Title: Yes Man
Author: Danny Wallace
Genre: Non Fiction
Recently single, Danny Wallace was falling into loneliness and isolation. When a stranger on a bus advises, “Say yes more,” Wallace vows to say yes to every offer, invitation, challenge, and chance.
In Yes Man, Wallace recounts his months-long commitment to complete openness with profound insight and humbling honesty. Saying yes takes Wallace into a new plane of existence: a place where money comes as easily as it goes, nodding a lot can lead to a long weekend overseas with new friends, and romance isn’t as complicated as it seems. Yes eventually leads to the biggest question of all: “Do you, Danny Wallace, take this woman…”
Yes Man is inspiring proof that a little willingness can take anyone to the most wonderful of places.
Yes Man changed my life. Perhaps not to the extent it changed Danny Wallace’s life, but it did, nonetheless, change my life. I’m aware that’s quite a bold statement to make.
It’s hard to explain this one without getting too personal, but let’s just say it began almost exactly one year ago with me, on my sofa, in my pyjamas having not got dressed for several days. I had just about managed to function long enough to make a cup of tea for my friend who was sitting opposite me. She was there at her own insistence and against my better judgement (I didn’t want to see anyone at that time). She sat and she listened and I cried and we talked and slowly I started to feel less alone. At some point in the hours that followed, she told me to read this book.
So I did.
This book is full of silliness, dry wit and humour which is just so delectably British. I laughed, cried and cringed my way through every page of this in a matter of hours realising as I read, that beneath its unassuming veneer of a light, humorous read, was a moral of far more significance: that action is more rewarding than inaction. I recognised so much of myself in Danny’s situation at the beginning of the book and as much as the whole premise is hilarious, awkward and ridiculous, it’s fundamental message is a lesson that I think many of us could do with learning. I realised that no matter how much I felt the world was hurting me, the only way to change things was to buy back into it. The prospect was sobering and terrifying but I resolved to start saying “yes”.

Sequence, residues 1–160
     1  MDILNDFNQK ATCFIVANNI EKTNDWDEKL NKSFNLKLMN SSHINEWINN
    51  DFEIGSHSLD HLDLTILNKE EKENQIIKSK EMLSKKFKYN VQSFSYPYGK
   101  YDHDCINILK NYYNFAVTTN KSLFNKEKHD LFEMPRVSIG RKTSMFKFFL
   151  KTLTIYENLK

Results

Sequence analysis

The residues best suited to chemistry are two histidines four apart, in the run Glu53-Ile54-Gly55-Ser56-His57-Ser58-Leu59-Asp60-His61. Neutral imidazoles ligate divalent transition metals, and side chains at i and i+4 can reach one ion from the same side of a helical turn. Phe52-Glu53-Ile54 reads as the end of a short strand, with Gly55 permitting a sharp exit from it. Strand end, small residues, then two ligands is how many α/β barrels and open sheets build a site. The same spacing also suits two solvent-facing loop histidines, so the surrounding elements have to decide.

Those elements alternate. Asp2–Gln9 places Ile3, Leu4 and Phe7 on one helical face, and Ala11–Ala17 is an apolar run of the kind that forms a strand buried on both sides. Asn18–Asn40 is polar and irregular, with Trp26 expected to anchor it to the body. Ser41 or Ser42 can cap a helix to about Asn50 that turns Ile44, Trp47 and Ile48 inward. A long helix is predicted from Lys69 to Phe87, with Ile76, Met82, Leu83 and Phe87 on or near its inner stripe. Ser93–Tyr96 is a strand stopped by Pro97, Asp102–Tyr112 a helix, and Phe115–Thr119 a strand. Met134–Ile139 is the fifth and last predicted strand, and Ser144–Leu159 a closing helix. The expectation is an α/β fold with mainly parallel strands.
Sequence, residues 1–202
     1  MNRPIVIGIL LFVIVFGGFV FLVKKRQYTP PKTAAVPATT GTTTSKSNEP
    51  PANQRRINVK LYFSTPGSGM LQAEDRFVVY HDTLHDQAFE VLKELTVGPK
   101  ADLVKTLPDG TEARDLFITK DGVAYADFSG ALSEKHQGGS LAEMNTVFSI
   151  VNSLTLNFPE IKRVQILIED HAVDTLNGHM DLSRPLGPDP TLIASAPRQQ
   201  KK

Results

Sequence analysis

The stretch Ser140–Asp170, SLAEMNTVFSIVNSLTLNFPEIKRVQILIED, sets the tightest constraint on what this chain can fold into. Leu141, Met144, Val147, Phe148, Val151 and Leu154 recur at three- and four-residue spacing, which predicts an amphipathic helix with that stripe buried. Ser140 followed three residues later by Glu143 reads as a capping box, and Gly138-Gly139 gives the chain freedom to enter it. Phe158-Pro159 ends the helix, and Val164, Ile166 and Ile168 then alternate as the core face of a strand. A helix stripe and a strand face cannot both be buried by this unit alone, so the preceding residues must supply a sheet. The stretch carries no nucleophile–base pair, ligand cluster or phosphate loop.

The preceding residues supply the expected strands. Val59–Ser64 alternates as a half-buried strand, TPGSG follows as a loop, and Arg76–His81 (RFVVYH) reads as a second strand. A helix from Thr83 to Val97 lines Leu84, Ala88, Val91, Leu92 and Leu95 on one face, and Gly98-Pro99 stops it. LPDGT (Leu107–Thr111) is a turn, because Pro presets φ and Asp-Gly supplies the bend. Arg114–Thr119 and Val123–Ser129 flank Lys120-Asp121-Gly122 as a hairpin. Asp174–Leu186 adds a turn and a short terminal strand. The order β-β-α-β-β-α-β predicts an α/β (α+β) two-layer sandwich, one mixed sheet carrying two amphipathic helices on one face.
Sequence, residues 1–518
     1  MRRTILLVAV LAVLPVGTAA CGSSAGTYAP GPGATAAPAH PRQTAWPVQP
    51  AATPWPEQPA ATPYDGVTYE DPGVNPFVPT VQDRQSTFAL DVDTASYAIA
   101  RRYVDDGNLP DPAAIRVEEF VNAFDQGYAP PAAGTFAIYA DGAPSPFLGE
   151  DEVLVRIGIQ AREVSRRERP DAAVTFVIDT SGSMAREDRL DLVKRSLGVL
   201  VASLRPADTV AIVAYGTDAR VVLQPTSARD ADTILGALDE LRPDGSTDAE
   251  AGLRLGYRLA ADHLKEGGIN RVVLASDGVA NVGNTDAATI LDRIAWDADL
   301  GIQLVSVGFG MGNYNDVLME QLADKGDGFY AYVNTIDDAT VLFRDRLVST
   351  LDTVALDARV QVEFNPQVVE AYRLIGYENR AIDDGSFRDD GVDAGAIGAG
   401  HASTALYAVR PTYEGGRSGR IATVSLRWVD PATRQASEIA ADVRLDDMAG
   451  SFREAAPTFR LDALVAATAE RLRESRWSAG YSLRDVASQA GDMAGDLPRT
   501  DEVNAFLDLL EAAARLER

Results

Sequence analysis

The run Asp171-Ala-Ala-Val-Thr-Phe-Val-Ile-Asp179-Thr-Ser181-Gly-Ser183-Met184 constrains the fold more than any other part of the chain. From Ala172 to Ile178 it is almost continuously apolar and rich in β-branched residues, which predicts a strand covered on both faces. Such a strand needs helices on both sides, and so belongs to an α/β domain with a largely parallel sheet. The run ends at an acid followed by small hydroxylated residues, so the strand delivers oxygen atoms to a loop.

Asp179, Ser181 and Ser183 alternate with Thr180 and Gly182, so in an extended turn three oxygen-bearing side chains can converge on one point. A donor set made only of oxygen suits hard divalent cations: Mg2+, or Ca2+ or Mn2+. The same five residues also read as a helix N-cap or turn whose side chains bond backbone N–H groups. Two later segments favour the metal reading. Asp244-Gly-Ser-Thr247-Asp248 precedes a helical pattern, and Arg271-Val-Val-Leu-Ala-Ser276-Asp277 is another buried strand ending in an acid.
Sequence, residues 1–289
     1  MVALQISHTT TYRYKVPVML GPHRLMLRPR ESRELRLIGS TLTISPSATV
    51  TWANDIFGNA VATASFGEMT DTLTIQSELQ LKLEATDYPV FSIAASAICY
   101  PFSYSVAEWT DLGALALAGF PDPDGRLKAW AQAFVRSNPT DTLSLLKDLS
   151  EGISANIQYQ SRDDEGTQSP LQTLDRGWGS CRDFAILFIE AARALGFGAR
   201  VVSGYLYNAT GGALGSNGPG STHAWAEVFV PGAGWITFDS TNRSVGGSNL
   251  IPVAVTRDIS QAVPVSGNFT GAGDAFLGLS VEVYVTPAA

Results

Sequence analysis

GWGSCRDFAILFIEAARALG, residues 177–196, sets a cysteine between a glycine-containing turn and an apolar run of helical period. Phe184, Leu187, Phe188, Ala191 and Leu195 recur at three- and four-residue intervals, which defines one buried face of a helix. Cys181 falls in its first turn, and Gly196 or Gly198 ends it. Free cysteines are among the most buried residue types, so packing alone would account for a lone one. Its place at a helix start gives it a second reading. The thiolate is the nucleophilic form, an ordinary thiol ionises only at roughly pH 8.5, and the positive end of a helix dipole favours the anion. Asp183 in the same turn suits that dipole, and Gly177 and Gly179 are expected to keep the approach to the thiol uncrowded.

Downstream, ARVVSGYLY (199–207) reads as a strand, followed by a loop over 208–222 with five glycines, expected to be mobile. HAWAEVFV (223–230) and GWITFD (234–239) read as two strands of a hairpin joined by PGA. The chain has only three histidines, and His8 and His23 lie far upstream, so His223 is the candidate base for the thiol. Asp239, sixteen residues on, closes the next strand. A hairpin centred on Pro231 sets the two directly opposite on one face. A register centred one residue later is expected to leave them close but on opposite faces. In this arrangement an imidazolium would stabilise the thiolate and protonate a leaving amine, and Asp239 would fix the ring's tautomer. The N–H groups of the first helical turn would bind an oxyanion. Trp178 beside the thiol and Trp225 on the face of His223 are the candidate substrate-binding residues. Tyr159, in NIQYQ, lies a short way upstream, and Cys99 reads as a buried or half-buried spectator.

A year on I have made many new and incredible friends, I have travelled to some wonderful places and had many exciting new experiences. I’ve also changed careers (this was the scariest yes, but also the best) and transformed my life into something I can be largely proud of. It’s not perfect, there are still black days on the sofa occasionally, but I have cultivated more strength and resilience in myself than I ever thought possible and I no longer allow fear to be a paralytic.
This gloriously British version of Eat, Pray, Love without any of the trite vapidity and infinitely more heart, is not a self help book but I wonder if maybe it should be. Read this book. It is honest, inspiring and terrifically amusing. And say yes more; it might just change your life.